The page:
Attorney General William Barr told lawmakers on Wednesday that he had already made the decision to clear President Donald Trump of obstruction before reading or receiving special counsel Robert Mueller’s final report on the Russia investigation.
Barr’s comments came during an exchange with Sen. Sheldon Whitehouse (D-RI) in a hearing before the Senate Judiciary Committee. Whitehouse inquired as to when Barr had reached the decision not to pursue any charges against Trump, despite the fact that Mueller’s report outlined at least 10 instances involving the president that may have constituted criminal obstruction.
“You said that on March 5, Mr. Mueller came to you and said that he was going to not make a decision on obstruction,” Whitehouse said. “… On March 24, you sent out a letter describing your decision. Somewhere between March 5 and March 24, you made that decision. When was that?”
Barr said he and Mueller had “started talking about it” on March 5, and that “there had already been a lot of discussions prior to March 5 involving the deputy [attorney general], the principle associate deputy, and the office of legal counsel that had dealings with the special counsel’s office.”
“They had knowledge of a number of the episodes and some of the thinking of the special counsel’s office,” Barr said. “So right after March 5, we started discussing what the implications of this were.”
Pressed on when he actually reached a conclusion not to charge Trump with obstruction, Barr replied, “Probably on Sunday, March 24.”
Whitehouse then asked when Barr had received Mueller’s report, which was made public last month. Barr said he had received it on March 22.
“Do I correctly infer you made that decision then between [March] 22 and the 24?” Whitehouse asked.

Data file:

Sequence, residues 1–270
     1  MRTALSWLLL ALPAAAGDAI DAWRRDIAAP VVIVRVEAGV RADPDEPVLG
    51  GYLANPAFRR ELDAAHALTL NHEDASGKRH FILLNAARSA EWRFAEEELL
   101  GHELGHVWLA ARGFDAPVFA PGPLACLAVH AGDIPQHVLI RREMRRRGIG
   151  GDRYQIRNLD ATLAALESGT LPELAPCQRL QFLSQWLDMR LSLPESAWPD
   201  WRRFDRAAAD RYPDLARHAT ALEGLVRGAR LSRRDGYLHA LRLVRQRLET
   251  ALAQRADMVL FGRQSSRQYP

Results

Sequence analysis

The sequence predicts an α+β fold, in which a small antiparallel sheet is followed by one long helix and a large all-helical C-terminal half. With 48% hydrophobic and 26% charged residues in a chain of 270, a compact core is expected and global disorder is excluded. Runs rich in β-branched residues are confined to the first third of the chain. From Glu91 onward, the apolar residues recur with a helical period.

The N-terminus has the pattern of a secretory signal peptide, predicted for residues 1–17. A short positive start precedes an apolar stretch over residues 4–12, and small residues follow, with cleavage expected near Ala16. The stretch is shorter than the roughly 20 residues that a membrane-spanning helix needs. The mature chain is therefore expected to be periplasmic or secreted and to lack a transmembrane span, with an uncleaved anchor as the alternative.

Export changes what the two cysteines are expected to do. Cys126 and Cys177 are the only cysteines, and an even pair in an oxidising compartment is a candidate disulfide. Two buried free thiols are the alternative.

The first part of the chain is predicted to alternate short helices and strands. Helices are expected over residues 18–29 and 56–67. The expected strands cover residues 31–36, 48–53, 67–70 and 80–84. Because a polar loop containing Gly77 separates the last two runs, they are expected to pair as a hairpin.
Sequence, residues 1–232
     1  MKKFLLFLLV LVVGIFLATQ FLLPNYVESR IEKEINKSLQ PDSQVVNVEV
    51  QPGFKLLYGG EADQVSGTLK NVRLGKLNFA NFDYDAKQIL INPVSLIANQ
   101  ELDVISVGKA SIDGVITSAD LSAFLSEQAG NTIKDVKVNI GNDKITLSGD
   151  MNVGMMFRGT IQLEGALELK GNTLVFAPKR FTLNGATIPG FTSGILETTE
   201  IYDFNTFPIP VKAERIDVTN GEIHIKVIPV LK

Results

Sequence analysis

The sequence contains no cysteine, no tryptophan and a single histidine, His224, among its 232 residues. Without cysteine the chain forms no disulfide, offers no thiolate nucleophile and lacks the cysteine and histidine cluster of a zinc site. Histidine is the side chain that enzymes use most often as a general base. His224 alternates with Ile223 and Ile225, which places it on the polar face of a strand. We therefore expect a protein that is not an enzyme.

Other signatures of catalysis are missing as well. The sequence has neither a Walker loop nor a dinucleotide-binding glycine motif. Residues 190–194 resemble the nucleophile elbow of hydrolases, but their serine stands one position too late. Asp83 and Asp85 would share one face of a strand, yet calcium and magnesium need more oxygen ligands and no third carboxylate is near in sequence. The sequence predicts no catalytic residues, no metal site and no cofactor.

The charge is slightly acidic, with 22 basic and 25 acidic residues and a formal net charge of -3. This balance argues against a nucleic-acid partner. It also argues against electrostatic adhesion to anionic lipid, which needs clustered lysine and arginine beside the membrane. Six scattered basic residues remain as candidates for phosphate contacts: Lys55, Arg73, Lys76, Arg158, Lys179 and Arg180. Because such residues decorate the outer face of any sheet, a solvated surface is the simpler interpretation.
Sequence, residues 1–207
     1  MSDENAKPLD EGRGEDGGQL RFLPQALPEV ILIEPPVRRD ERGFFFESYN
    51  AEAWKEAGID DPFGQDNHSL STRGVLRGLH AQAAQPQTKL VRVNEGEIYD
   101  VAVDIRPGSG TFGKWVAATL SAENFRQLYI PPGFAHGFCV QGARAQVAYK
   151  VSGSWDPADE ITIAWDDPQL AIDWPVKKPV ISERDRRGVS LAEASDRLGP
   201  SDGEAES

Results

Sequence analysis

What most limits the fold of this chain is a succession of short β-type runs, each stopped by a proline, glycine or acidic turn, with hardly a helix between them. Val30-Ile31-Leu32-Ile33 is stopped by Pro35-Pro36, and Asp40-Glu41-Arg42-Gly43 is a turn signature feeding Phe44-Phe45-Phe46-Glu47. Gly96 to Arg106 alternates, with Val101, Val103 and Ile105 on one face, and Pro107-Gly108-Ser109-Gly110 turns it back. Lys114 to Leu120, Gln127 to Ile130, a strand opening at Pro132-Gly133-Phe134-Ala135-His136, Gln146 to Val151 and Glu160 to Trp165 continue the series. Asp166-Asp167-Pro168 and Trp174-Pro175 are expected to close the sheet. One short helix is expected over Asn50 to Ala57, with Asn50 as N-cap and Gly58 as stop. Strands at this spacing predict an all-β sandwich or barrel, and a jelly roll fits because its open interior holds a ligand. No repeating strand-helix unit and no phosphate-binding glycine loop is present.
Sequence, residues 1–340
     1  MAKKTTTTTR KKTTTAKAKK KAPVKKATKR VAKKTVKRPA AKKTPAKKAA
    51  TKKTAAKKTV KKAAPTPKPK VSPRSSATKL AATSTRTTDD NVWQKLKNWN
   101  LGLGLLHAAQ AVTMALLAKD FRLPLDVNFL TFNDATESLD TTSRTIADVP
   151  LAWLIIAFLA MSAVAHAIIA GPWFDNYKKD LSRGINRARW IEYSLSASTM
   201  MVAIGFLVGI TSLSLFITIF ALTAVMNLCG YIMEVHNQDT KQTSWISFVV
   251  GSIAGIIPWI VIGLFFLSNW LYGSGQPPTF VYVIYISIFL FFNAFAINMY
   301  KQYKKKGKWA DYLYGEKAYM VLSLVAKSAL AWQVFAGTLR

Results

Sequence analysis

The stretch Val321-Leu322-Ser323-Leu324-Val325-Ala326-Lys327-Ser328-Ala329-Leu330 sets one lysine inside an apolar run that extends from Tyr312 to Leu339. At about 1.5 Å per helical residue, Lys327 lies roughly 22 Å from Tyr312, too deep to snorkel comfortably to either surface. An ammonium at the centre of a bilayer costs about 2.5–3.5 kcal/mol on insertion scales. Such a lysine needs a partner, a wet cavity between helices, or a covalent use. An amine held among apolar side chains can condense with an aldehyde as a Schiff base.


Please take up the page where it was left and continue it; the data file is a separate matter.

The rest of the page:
“Well, we had had a lot of discussions about it before [March] 22, but the final decision was made on [March] 24,” Barr said. “[The Office of Legal Counsel] had done a lot of thinking about these issues even before we got the report. And even before March 5. … The department had been in regular contact with Mueller’s people.”
Earlier in the hearing, Barr also stated in response to questions from Sen. Kamala Harris (D-CA) that he had decided not to charge Trump with obstruction, despite not having seen the “underlying evidence” in Mueller’s report. Deputy Attorney General Rod Rosenstein did not view the underlying evidence prior to weighing in on the decision either, he said.
“We accepted the statements in the report and the characterization of the evidence as true,” he said. “…This is not a mysterious process. In the Department of Justice, we have cross-memos and declination memos every day coming up, and we don’t go and look at the underlying evidence.”
This was a big moment: Sen. Kamala Harris got Barr to admit that he decided not to charge Trump with obstruction—perhaps the most consequential DOJ decision since Watergate—without examining any of the underlying evidence pic.twitter.com/v9lyke0HZE
— Mark Follman (@markfollman) May 1, 2019
Barr’s comments come as the attorney general faces heavy criticism by those who believe he is acting as Trump’s defense attorney and running interference for the president.
On March 24, shortly after Mueller concluded his nearly two-year long investigation, Barr delivered his summary of Mueller’s final report, claiming it fully exonerated Trump of any wrongdoing.
On Tuesday, however, The Washington Post and The New York Times reported that Mueller had expressed concern over Barr’s summary, stating in least two letters addressed to the attorney general on March 25 and 27 that Barr had not captured the full context or nature of his findings.
While Mueller did not find evidence of criminal coordination between the Trump campaign and Russia during the 2016 election, he did detail extensive ties between the campaign and Russian officials, and at least 10 instances involving the president that may have constituted obstruction of justice.
Nonetheless, Barr continued to describe the report as a vindication of the president.
When asked on Wednesday whether Barr had notes from his phone conversation with Mueller, following the special counsel’s letters detailing his concerns, Barr said yes. However, he declined to provide those notes to lawmakers.
“Why should you have them?” he said.